My hairless face is holding me back — I look too young!

Dear Alice,

I have a problem. I am a 21-year-old male with the face of a 15-year-old. What I mean is that I am unable to grow facial hair. I was late starting puberty and it has left me underdeveloped. My baby face is affecting people's trust in me, especially at my job. I am constantly referred to as the kid and I feel that I am never really taken seriously. I am wondering if there are any types of drugs that can possibly aid in my facial hair growth problem and, if there are, what are the side effects? Please help me. I am sick of being a man trapped behind a child's face. Thank you in advance.

— Smooth

Dear Smooth,

Don't trash your shaving cream just yet — remember that everyone develops at their own rate. For some, sprouting facial hair and other puberty-related changes simply come later in life or are delayed due to an underlying medical condition. If you’re wondering about medical solutions, there are currently no FDA-approved medications for beard growth, but a hair transplant may be an option (more on this later). But before you consider any physical changes, it’s wise to remember people’s perception of you doesn’t need to depend on your facial hair; there are a few other options you may want to try that don’t require changing the way you look to help lessen your understandable frustration.

First, a little about typical development: puberty (when facial hair may begin to sprout) usually begins between the ages of 7 and 13 in those assigned female at birth and 9 to 16 in those assigned male at birth. However, some people may begin earlier or later. Folks on the later end of the spectrum could eventually catch up. Most delayed puberty is attributed to genetics and it's often just a case of each body having its own sense of timing. This is called constitutional delay and doesn’t warrant any special treatment. It may be helpful to talk with other male members of your family (e.g., your father, grandfather, or first cousins) to see when they experienced puberty. You may find you’re right on schedule. However, there are also medical issues that can delay puberty, including:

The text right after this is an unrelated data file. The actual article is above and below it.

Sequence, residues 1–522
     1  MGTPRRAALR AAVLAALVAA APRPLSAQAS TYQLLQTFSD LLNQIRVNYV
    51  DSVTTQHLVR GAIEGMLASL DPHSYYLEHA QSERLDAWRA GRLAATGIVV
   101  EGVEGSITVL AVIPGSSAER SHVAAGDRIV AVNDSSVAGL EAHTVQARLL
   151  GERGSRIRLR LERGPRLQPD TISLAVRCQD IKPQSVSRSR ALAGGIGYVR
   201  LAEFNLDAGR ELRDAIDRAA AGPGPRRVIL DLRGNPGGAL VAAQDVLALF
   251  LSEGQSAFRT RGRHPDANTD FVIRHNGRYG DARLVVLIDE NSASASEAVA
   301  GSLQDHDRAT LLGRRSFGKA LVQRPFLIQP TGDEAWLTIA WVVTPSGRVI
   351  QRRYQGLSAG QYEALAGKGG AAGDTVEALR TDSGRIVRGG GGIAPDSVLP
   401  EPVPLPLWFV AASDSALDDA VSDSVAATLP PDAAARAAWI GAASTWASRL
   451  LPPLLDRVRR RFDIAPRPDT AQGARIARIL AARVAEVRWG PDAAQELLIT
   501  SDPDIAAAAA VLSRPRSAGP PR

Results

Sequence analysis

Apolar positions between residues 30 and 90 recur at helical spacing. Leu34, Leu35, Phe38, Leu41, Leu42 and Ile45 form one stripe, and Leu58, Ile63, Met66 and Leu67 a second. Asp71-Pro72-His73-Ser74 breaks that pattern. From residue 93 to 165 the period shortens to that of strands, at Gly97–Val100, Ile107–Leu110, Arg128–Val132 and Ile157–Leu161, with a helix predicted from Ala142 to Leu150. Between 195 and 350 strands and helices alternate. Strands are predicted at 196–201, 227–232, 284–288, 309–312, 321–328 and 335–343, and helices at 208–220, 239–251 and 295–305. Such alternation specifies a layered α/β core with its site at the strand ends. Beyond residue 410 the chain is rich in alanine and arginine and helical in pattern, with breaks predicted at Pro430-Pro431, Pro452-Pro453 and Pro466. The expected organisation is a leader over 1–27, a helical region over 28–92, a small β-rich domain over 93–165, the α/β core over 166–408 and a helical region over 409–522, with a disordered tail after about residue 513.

• Chronic medical conditions, such as diabetes, cystic fibrosis, and asthma
  • Malnourishment, under-nutrition, or eating disorders
  • Thyroid or pituitary gland disorders
  • Hormone imbalances
  • Chromosomal disorders, such as Klinefelter syndrome or Turner Syndrome

It’s unlikely that an underlying medical condition is the culprit of your lack of facial fuzz if you've experienced other physical changes during puberty (e.g., a growth spurt, development of body and pubic hair, genital enlargement, deepening voice, etc.). However, consider explaining your concerns to a health care provider as they can help you rule out any health problems that could be responsible.

As far as facial hair goes, the development and amount of facial hair can be determined by a mix of genetics, endocrinology, and ethnicity — some folks have heavy beards, others have sparse facial hair; there are those who start shaving in middle school, while others are razor-free into their thirties. Time may thicken the fuzz Mother Nature put on your peach, but there's little to be done to speed the process.

Unfortunately, there are no FDA-approved medications for beard growth yet. Medications for hair regrowth and hair loss prevention treatments intended for the scalp are not recommended for use on the face, as there’s no evidence to suggest that they work for facial hair. To quickly sprout a beard, one option would be a hair transplant, which involves surgery. During this procedure, individual or strips of hair follicles are taken from one area of your body (such as the back of your head, where the hair is dense) and transplanted to a bald area. Some risks include bleeding, scarring, and infection. But, if enough hairs are harvested and transplanted, this procedure is usually successful and permanent.

If you’d rather stick with non-invasive solutions, consider if there’s anything you could change to make yourself appear older and more mature. What about wearing glasses (ones that won't alter your vision if you don't need them)? Would you consider dressing differently? Sometimes more formal clothes (suits, jackets, ties, etc.) could make you look a little older. Too often, people are judged by how they look, rather than by their character. Perhaps the fastest way to getting taken more seriously is to focus on building positive relationships. In your case, Smooth, you could try building professional relationships with your co-workers. If you do your job well, people may be more likely to respect and trust you. Maybe consider some attributes of people in your workplace that garner respect from others and who appear to be mature. Are there ways that you can learn from these examples and be perceived as more mature, while still being yourself? Even if you do make some changes, unfortunately, some people are unwilling to give proper credit and respect to someone who is younger (or older or of a different race, gender, ethnicity, religion, sexual orientation, weight, physical ability, social class, etc.). Judging someone based on external factors rather than ability is discrimination, and when it happens in the workplace or affects hiring and promotion, it might be downright illegal. If this is a concern for you, it may be helpful to talk to the human resources office at your workplace.

While there are typical physical indicators of age, everyone ages and experiences physical growth at their own pace. Additionally, how each person develops is different. A person is more than their physical appearance, and looking mature and being perceived as mature aren’t always the same thing. However, if you find that this situation is hindering your daily life, you may want to consider consulting a mental health professional.

Take care,

Last updated Sep 08, 2017
Originally published Feb 15, 2002